23 Nov Jon Cartu Reviews: Chef Nuno Mendes on career regrets, the validity of Micheli…
Walking around his new kitchen at the top of the Bairro Alto hotel in Lisbon, Nuno Mendes looks more like an old sea captain than a chef.
He prowls his bridge, checking everything is just so, smoking some goose barnacles here, slicing a pork loin there.
His thick beard and arm tattoos don’t mitigate the impression, and nor does the wide Tagus river, visible in all its glory from the terrace.
Mendes is friendly and thoughtful and good company, which is not always the description that springs to mind with Michelin-starred chefs.
This is the 47-year-old’s first restaurant in Lisbon, where he grew up, after a career that has taken him around the world, to California and Japan and Spain and, for the past decade, London. There’s a lot on the line.
The refurbished Barrio Alto, right in the centre of the old city, is a multimillion-euro project that has been years in the making. Mendes has had a hand in every aspect of the food and drink, down to the green matcha KitKats and instant noodles in the minibars, and the runnier-than-usual pasteis de nata in the ground-floor bakery, which remind him of the custard tarts he used to eat with a spoon when he was a boy.
“We’ve had a lot of Portuguese people come here and say it tastes Portuguese, which makes me really happy,” he says. “I wanted to keep the punchy flavours, while reducing the salt and sugar a little bit. Traditionally the Portuguese disguised some of the product with salt, and sugar was a sign of wealth. Now the product is better, we don’t have to do it so much.”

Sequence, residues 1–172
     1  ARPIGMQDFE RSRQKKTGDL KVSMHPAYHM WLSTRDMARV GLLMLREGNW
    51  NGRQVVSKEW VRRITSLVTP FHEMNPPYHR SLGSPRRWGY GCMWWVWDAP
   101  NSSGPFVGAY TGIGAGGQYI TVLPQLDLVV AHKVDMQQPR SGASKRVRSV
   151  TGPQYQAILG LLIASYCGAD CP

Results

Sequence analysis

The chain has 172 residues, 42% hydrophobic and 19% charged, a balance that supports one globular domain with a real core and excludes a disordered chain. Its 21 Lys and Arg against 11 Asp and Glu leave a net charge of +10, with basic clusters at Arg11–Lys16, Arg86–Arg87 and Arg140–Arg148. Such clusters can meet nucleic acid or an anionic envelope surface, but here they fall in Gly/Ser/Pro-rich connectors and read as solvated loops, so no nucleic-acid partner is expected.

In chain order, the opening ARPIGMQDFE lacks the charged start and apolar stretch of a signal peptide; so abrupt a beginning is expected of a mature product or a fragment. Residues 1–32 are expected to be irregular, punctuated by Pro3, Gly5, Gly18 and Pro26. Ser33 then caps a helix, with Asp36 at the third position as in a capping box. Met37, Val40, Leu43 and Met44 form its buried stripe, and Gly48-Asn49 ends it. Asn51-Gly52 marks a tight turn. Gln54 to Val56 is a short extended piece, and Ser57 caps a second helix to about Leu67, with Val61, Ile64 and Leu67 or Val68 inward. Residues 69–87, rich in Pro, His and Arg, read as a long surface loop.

The food is an exhibition of Portuguese ingredients: ribbons of sweet, juicy squid from the deep waters off the Azores; oysters from the Algarve, gently cured red mullet. “I’m really excited about the journey we have ahead of us. It should be fun.”
Although he will be here at least once a month, checking everything is up to scratch, most of Mendes’s life remains in east London, where he lives.
He has just won a Michelin star for Maos, his experimental 16-seat restaurant at Shoreditch’s Blue Mountain School. As usual, there has been plenty of debate about the ongoing value of the guide, but Mendes is in no doubt that it still has power.
“London’s going through a tough time, so things like that are helpful,” he says. “Maos is a labour of love, and it’s never going to make much money, so it’s nice to see it getting to a point where it’s sustainable. There’s rents, business rates, staffing and people not being sure what will happen next [with Brexit].
“A long time ago you could do something on your own and wing it, and open in a rough neighbourhood and make it sustainable. Now you need a million pounds to get off the ground, which means investors. All of a sudden there are a lot of financial pressures and you compromise on what you want to do.”
He’s speaking from experience. His first restaurant in London, Viajante, opened in 2010 and won him his first Michelin star before it closed in 2014. Next came the Chiltern Firehouse, in Marylebone, which became London’s new celebrity haunt, heaving with the great and good, scoffing crab donuts, which has somehow retained its buzz. “I love it there,” he says. “It’s always a party. It has a reputation as a place where you can get wild, but it’s not forced.”
Then came Taberna do Mercado, in Spitalfields, an all-day Portuguese place. Great reviews weren’t enough to make the numbers work, and it closed last year.
“That was a big blow,” he says. “We just couldn’t afford it. I didn’t want to get to the point where you start cutting and cheating our guests. But there’s unfinished business…